I brought a secret weapon to this game:
No, I wasn’t invited to a tailgate party; I had some wacky ballhawking plans . . .
Do you remember the ball that I saw in a bullpen gutter on August 21st? In case you don’t, here and here are photos of it. You may recall that I wasn’t quite able to reach that ball, in part because a security guard stopped me from leaning out of the stands. When I blogged about it the next day, several people told me that I should make another attempt to snag it, and one guy suggested that I bring barbecue tongs to extend my reach — more on that in a bit, but first take a look at the crazy-long lines outside the Jackie Robinson Rotunda:
My line was so long that it curved into the parking lot. Why was it so crowded? Because this was a Friday, and the weather was perfect, and the mighty Tigers were in town, and there was going to be a post-game concert by Third Eye Blind.
As I was running toward left field at 5:10pm, a home run landed in the empty seats and trickled down to the front row. Naturally, I took a photo of the ball before I grabbed it . . .
. . . and within the next few minutes, I got two more baseballs. The first was thrown by Josh Satin, and the second was tossed up from the party deck by an employee.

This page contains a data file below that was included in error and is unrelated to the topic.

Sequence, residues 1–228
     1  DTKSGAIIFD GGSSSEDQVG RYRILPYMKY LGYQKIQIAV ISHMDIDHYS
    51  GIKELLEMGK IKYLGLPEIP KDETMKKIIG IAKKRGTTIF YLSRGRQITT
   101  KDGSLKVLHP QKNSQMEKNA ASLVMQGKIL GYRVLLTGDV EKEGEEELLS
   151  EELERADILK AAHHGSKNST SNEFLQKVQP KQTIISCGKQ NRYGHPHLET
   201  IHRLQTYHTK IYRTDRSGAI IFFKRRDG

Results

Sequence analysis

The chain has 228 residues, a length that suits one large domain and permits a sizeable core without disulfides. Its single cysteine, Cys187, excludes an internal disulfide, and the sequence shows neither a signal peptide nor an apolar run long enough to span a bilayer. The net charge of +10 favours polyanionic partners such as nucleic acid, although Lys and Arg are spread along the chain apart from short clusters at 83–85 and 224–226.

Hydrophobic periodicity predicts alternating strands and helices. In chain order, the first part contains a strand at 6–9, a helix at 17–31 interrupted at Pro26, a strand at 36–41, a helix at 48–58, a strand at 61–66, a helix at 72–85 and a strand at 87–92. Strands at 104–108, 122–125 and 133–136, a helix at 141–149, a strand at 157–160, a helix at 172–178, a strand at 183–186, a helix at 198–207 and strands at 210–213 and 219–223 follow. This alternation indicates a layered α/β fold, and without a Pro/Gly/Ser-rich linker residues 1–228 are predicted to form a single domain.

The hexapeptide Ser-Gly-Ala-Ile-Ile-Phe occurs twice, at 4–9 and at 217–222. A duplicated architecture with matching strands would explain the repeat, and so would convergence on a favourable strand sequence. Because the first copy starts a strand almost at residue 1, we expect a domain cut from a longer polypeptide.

That’s when I made my move.
Hoping that the ball would still be in the gutter, I ran over to the seats in right-center. Here’s what I saw:
The ball was there! And when the security guard turned his back, I pulled out the tongs and snagged it:
The ball was nasty. I have no idea how long it had been sitting there, but it felt damp — and it smelled like it.
Question: What does one do with such a putrid object?
Answer: One places it in a plastic bag and ties it in a knot.
And then what?
Well, after tossing it in my backpack, I wondered whether or not to count it — you know, as a “snagged ball” in my collection. What do you think? Should I count it or not? I’m going to let YOU decide, but in order to do that, you need to leave a comment with your vote, and if possible, explain your reasoning. After 24 hours, we’ll count the votes, and that will settle it.
Here are two things to consider when voting . . .
2) A few people have said it shouldn’t count because it’s not a complete ball. That’s true, but neither was this one that I snagged during BP at Game 3 of the 2011 World Series. I counted that one, and everyone seemed to agree that I’d made the right decision, so why is this ball less valid? Because more of it is missing? (It’s still a “ball,” after all.) Because I can’t verify the source? (We can’t verify the source of “Easter eggs,” but we still count those.)
There’s lots to consider, but rather than typing an endless list of potential arguments, I’ll let you decide. I’m leaning toward counting the ball, but if you guys collectively tell me not to, then I won’t. It’s that simple, so speak up!